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Why Data on Health-Care Price Variation Doesn’t Itself Solve the Problem

This was published as a Wall Street Journal Think Tank column on January 27, 2015.

The Blue Cross and Blue Shield Association (BCBSA) last week put out one of the best reports I have seen on price in U.S. health services. The report documents “extreme price variation” across the country for knee and hip replacements. It called for arming consumers with more price information but stopped there; it did not suggest there was anything large insurers—such as Blue Cross–could do about the problem themselves or call for greater government action.

The association examined hip and knee replacements in 64 markets across the country and found more than a threefold difference in the average cost of knee and hip replacements across markets. Perhaps even more startling, the analysis found that prices within markets can vary by as much as 313%.

In Dallas, for example, the cost of a knee replacement ranged from $16,772.02 to $61,584.86 and the average cost was $39,622.96, a 267% difference from highest to lowest. In Boston and Worcester, Mass., the cost of a knee replacement ranged from $17,910.25 to $73,987.05, with an average cost of $26,591.55, a 313% variation.

The report ended with just one prescription: “As more consumers shop for healthcare, insurance companies must use their data to empower consumers and employers with information that demonstrates cost and quality of doctors and hospitals and helps them find the highest value options for care.”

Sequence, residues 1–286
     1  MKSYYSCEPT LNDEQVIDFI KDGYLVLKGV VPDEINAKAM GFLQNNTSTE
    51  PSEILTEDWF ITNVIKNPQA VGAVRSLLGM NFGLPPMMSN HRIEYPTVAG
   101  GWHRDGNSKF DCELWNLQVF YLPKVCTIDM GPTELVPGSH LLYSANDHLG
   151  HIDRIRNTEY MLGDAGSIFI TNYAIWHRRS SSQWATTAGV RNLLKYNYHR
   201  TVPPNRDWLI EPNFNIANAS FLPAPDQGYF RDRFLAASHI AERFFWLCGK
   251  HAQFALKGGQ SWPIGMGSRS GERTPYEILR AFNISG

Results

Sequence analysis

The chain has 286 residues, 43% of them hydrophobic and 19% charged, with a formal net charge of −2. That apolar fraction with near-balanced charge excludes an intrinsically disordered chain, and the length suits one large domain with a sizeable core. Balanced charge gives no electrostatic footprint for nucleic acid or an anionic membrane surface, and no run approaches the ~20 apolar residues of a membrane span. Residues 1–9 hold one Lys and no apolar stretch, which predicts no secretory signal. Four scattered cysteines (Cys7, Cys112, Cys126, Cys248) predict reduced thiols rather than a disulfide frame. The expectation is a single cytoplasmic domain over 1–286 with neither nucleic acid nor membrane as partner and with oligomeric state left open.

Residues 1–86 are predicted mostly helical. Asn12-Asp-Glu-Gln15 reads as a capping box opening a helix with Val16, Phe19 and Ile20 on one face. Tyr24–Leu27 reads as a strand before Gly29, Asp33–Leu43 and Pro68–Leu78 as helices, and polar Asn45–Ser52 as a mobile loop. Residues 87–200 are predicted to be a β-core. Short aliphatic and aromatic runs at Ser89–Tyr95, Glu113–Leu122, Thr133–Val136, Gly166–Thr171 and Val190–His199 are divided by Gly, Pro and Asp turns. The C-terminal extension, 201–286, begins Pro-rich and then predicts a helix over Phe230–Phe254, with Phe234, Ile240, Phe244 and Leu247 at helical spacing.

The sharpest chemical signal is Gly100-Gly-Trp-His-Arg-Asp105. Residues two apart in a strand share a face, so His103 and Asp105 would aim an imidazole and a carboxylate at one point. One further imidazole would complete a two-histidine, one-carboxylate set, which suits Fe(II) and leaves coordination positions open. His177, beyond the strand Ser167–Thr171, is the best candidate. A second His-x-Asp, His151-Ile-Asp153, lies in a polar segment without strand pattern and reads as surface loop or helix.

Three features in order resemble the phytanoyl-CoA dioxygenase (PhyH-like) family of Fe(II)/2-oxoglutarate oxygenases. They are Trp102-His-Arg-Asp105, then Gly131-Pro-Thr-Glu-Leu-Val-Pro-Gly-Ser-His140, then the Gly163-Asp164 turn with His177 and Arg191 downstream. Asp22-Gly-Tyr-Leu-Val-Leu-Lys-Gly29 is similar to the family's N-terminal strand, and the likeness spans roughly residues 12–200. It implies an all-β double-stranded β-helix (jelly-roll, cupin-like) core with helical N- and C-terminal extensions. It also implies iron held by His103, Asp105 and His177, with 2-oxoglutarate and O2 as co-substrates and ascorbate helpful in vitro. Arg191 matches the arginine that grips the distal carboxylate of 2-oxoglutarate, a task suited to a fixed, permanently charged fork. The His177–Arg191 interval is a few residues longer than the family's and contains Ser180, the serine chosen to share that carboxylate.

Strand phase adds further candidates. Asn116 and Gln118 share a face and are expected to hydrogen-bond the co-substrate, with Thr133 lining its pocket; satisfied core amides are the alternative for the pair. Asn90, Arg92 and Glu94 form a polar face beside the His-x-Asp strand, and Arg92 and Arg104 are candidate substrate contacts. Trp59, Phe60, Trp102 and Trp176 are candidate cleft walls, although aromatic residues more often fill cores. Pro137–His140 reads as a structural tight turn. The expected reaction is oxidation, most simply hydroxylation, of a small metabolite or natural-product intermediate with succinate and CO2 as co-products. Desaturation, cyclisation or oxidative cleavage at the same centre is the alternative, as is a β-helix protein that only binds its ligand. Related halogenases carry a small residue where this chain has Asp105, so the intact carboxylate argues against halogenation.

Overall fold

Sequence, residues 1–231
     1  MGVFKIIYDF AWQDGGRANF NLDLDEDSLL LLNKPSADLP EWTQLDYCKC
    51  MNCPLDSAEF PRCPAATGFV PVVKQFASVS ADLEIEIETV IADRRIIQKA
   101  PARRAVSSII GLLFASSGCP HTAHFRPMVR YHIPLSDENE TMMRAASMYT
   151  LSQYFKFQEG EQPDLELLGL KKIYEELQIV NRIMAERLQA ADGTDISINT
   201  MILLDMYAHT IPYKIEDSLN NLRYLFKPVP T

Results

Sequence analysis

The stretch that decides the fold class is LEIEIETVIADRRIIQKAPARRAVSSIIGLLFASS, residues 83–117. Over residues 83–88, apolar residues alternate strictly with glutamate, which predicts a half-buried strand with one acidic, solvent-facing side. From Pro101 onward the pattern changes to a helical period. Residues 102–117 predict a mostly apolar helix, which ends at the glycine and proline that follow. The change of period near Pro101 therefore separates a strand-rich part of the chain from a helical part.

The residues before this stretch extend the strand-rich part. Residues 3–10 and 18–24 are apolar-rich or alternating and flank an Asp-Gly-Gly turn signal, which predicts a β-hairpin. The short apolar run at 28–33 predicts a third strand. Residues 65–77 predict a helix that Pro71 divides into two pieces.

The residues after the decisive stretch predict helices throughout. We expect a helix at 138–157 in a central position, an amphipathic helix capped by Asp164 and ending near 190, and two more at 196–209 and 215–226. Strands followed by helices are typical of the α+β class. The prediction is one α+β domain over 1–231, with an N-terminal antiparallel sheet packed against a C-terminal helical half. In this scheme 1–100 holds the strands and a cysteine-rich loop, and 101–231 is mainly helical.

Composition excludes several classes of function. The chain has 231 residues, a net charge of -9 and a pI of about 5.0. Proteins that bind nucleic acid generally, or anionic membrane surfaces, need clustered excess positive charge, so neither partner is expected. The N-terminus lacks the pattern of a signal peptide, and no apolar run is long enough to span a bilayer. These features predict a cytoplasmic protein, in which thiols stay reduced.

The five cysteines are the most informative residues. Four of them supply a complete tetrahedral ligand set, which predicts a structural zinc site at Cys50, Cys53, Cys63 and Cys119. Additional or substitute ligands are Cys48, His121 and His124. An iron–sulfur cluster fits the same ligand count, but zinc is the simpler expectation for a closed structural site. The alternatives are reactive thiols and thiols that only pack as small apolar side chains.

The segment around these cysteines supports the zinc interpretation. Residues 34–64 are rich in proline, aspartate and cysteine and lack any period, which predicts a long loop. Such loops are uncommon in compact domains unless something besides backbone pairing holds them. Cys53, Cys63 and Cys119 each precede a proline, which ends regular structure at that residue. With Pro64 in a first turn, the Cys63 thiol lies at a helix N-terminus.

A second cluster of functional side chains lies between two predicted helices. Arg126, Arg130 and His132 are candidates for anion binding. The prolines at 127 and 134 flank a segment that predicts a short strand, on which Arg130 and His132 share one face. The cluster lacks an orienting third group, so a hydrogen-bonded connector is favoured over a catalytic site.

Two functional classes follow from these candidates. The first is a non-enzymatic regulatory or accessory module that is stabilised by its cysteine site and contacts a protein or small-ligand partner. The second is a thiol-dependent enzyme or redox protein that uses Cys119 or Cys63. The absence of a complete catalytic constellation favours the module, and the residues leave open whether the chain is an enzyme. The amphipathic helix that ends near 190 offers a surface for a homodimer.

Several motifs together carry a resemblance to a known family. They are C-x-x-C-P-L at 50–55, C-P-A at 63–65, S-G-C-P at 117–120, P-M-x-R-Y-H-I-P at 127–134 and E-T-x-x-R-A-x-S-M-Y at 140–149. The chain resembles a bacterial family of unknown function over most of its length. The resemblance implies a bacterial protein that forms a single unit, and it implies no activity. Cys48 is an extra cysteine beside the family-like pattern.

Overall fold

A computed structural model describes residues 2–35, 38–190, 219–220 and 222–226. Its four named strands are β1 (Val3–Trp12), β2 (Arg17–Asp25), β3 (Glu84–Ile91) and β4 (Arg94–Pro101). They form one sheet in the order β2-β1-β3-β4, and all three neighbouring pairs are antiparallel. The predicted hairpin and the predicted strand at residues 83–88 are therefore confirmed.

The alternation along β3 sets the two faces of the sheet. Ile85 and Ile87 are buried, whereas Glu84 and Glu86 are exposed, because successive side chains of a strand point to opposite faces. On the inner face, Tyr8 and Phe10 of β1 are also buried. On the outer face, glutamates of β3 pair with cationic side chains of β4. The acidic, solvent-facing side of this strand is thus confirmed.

Certainly, giving consumers more price information would empower them to shop when they can, and consumers facing higher and higher deductibles would be especially motivated to shop. Still, there are limits to how price-sensitive even consumers with high deductibles are when they face big medical bills, because insurance plans cap patient out-of-pocket costs at some point and pay 100% of bills after that.

It can also be difficult for consumers to go to a particular place when their doctor has recommended another, or to choose a cheaper hospital or surgical center if it scores lower on quality rankings or its staff has less experience with a complex procedure. While consumers urgently need better price information, it’s hard to see that being a complete antidote to massive price variation.

To be fair, this was a study and not a policy report on what can be done about price variation. But it is revealing to see a group that represents large insurers suggest that the main answer to price variation is to empower consumers with information to fend for themselves, as if all the insurers can do is collect price data but lack the clout in the current marketplace to do much about the problem themselves. In some markets, insurers may have little leverage over powerful hospital systems, which have been consolidating in recent years. But in many markets insurers have leverage too. And with no signs in today’s anti-government climate that government can regulate to moderate price variation, if the insurance industry isn’t prepared to own more of the problem it’s not clear how much progress can be made.

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Filling the need for trusted information on national health issues, the Kaiser Family Foundation is a nonprofit organization based in Menlo Park, California.